Gail Fisher's Dog Tracks: Friend's search for new puppy starts with finding the right breeder
This process reminded me of a column I wrote about five years ago when I was helping a friend find a breeder and a puppy. This is such an important topic for anyone thinking of getting a puppy — or rescuing a dog — that it's worth a reprise. Here's what I wrote:
Through the Internet, my friend found puppies within driving distance, and she called me for advice. Each find brought up something new. As we discussed what questions to ask and what to look for, a pattern emerged about some common misconceptions.
My friend wants a friendly, outgoing, trainable dog appropriate for pet therapy. The top of the list of requirements, not just for my friend, but for any pet owner is temperament. Next is temperament, followed by temperament. If a dog is congenitally shy or aggressive, it doesn't matter what it looks like, how healthy it is or anything else. Temperament is genetic, so you can assess a puppy's likely adult temperament by meeting the parents — or at least the dam, the mom.
Here's a brief rundown of what occurred over the course of two days: The first litter my friend found will be available in a few weeks. The “breeder” owns both the male and female. Here are the red flags I brought to my friend's attention:
Ÿ The breeder did not perform any health screenings on either of her dogs, nor would she provide any health assurances or guarantees to anyone buying one of her puppies. It made me wonder if she had given any thought to genetics, inherited characteristics, or anything else a reputable breeder considers before mating two dogs.
Ÿ When asked for a pedigree, she refused to provide one. She claimed that a buyer had once used a pedigree for one pup to register another. This is nonsense. The breeder confused pedigree with registration papers. A pedigree is simply a listing of the dog's ancestors — a family tree. Not everyone knows the difference, but a dog breeder certainly should.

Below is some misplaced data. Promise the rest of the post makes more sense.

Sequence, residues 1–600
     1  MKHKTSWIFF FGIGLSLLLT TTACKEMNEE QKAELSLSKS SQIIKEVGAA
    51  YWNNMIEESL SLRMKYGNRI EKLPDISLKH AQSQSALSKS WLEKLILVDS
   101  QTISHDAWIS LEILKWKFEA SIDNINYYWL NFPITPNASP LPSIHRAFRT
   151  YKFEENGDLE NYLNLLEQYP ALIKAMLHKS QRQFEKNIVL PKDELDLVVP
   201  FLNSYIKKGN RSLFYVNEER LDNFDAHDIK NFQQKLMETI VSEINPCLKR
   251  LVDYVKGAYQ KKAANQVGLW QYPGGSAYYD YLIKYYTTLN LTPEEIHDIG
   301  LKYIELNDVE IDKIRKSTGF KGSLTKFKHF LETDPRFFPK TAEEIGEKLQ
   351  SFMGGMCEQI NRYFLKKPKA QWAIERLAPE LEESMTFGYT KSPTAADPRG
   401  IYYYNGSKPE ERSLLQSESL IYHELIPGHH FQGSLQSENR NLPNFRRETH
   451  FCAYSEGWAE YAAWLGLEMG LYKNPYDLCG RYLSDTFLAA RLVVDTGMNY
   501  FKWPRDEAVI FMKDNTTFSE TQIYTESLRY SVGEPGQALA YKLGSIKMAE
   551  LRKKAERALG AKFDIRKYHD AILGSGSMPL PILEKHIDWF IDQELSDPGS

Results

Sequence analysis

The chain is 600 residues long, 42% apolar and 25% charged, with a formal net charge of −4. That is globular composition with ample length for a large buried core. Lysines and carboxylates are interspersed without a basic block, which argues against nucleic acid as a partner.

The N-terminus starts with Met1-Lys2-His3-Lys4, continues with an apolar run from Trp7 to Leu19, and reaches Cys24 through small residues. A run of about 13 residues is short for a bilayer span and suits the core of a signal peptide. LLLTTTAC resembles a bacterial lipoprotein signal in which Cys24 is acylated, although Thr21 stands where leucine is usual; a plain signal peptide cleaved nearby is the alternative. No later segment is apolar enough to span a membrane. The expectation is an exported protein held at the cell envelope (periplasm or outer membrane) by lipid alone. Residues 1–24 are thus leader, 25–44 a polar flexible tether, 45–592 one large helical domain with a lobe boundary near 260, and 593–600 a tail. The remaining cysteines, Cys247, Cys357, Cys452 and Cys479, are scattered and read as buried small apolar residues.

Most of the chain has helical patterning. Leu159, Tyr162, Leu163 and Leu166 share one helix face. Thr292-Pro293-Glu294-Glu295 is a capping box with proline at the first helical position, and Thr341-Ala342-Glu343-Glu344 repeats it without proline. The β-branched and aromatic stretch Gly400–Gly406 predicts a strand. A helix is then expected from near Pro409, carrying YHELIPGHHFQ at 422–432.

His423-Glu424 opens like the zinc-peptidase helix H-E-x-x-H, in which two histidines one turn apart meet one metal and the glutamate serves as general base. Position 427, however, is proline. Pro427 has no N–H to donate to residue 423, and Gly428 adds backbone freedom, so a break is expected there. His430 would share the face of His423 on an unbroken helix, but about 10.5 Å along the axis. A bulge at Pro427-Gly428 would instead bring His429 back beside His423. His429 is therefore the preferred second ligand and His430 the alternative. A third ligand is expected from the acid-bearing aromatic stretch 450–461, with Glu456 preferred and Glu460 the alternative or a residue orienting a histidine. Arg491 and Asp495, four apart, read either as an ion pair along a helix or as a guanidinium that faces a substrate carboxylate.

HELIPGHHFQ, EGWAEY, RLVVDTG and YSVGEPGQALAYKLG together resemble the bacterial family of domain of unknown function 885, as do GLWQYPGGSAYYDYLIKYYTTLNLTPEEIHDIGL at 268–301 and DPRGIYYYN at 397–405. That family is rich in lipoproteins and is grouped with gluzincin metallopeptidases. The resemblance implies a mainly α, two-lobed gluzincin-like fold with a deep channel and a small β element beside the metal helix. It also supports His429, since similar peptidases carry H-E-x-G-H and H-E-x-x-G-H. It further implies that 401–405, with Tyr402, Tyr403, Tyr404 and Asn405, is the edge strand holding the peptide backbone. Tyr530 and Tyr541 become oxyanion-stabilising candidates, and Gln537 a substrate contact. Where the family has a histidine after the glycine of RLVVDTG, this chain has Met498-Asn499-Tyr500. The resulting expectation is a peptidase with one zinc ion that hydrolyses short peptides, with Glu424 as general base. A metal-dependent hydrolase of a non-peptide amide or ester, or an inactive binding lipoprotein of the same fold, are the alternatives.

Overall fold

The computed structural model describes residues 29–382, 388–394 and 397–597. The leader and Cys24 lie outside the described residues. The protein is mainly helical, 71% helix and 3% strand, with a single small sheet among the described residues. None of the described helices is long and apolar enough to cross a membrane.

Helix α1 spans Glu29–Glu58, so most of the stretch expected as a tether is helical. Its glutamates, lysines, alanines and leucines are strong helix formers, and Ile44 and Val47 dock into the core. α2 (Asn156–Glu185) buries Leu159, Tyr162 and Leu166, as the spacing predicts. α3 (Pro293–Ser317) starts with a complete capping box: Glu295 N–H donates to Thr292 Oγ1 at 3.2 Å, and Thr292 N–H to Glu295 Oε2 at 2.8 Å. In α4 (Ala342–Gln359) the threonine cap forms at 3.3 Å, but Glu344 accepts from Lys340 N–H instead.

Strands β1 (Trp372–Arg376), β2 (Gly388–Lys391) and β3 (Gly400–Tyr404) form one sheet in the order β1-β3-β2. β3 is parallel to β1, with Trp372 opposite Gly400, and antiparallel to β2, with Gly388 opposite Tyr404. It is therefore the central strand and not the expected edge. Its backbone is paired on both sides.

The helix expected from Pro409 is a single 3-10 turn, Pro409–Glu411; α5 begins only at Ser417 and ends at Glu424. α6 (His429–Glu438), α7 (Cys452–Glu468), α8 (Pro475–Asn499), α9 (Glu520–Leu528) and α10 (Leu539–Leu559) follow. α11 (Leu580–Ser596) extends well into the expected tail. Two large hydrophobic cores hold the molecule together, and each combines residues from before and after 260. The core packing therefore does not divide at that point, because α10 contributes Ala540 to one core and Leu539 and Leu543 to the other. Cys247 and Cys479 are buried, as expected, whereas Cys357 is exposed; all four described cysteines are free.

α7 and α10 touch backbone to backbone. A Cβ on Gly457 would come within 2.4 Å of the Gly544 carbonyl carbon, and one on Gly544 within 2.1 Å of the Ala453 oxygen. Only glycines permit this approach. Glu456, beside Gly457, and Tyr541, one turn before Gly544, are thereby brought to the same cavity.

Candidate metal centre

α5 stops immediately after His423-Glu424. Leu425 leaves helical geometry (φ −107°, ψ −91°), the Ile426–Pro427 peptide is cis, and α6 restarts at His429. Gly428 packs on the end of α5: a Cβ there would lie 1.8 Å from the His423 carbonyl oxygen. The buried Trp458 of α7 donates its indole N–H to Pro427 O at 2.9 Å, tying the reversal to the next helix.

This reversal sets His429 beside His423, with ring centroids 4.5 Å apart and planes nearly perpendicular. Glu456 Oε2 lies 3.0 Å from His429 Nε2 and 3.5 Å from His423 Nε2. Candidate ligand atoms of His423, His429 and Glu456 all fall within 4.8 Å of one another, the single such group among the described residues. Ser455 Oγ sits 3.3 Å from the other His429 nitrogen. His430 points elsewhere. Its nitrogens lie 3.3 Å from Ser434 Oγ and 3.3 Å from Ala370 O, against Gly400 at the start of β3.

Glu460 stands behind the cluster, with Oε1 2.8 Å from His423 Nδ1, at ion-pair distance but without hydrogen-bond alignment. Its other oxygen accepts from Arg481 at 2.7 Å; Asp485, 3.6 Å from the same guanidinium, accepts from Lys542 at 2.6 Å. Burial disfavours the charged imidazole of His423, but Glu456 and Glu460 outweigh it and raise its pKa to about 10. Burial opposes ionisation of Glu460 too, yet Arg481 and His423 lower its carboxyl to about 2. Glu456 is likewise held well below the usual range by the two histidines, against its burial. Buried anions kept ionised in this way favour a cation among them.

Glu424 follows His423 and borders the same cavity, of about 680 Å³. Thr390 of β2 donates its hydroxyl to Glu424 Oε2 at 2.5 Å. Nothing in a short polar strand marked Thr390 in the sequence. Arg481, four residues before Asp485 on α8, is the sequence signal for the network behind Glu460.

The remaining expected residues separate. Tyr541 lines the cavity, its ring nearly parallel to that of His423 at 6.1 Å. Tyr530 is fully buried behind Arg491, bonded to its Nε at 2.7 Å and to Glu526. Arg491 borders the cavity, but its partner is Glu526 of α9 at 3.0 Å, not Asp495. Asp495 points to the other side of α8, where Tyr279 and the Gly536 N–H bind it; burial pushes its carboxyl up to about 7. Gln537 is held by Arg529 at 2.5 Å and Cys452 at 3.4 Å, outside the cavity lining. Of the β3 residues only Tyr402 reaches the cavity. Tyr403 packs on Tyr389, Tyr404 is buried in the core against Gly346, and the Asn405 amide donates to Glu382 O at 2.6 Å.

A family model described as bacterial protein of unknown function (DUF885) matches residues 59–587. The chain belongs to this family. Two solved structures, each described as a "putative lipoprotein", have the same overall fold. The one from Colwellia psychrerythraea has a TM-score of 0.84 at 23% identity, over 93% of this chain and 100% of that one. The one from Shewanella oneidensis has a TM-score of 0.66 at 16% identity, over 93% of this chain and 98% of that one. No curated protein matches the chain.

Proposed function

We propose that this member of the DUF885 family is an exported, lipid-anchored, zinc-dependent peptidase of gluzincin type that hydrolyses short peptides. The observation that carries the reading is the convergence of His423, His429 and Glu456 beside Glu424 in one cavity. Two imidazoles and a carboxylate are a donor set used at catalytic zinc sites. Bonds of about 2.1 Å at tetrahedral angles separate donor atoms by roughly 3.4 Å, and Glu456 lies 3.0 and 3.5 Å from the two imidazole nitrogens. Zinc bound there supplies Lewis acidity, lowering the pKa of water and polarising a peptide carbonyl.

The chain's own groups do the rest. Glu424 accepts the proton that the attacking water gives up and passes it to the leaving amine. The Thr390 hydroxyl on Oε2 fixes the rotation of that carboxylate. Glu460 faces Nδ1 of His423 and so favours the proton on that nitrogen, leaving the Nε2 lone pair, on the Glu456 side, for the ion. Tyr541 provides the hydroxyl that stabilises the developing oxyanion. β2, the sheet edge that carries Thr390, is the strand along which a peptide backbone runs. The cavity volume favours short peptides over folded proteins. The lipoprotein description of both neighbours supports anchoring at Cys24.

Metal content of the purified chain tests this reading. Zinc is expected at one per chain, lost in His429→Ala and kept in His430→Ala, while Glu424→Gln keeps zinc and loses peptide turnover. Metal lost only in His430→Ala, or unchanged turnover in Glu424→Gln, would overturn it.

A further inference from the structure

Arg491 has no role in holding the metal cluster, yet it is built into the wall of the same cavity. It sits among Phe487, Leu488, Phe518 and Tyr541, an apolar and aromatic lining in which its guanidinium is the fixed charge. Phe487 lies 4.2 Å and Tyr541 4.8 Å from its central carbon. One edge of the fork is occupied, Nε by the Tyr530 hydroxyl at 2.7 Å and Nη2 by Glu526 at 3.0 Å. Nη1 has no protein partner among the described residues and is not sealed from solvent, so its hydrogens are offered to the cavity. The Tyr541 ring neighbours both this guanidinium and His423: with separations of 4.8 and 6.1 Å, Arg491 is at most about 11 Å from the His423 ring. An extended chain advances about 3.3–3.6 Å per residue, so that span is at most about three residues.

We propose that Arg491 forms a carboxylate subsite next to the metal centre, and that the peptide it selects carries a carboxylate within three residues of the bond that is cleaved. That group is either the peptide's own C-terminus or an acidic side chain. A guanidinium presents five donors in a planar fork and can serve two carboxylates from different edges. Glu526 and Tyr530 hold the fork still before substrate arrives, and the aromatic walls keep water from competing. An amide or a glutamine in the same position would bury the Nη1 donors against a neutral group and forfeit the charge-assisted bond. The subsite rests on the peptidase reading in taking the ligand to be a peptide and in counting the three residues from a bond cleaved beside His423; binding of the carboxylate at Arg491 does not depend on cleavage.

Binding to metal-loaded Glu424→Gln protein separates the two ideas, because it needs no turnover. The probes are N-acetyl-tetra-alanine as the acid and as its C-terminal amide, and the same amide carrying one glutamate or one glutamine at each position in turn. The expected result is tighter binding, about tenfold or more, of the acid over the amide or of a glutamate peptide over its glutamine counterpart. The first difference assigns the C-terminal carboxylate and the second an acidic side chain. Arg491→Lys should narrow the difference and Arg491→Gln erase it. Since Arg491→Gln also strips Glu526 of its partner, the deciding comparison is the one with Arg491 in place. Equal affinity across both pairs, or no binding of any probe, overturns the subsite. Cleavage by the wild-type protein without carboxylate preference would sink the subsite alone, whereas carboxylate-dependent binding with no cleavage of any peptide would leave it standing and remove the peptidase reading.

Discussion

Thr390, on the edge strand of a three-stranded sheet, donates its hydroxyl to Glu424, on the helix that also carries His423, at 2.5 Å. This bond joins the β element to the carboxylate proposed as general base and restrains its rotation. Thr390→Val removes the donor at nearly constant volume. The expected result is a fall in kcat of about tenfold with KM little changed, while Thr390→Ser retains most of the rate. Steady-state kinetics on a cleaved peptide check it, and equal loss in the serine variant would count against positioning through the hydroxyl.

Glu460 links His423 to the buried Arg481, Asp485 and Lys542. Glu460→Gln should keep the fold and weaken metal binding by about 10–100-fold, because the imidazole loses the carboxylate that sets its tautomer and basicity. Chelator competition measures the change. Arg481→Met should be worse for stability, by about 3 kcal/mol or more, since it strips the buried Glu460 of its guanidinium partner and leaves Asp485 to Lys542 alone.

Ÿ The price she was asking is approximately half the “going rate.” I'm not saying you have to pay an arm and a leg for a dog, but for what reason would her pups be so inexpensive?
Ÿ Despite the low price tag, she insisted on a $200 nonrefundable deposit. What? You can't change your mind a month before the pups are old enough to be placed and get your money back?
Ÿ The kicker was when she warned my friend that the mother was “protective of her pups,” so she wouldn't be able to pet her. I've never had a dog be protective of a litter when they were in another room. Plus, once the pups are a few weeks old, most dams are fine. Clearly this was an excuse to cover her bitch's poor temperament. Beyond a red flag, this information was sufficient for me to tell my friend to cross this “breeder” off her list.
More on this next week.
Gail Fisher, author of “The Thinking Dog,” runs All Dogs Gym & Inn in Manchester. To suggest a column topic, email email@example.com or write c/o All Dogs Gym & Inn, 505 Sheffield Road, Manchester, NH 03103. You'll find past columns on her website.
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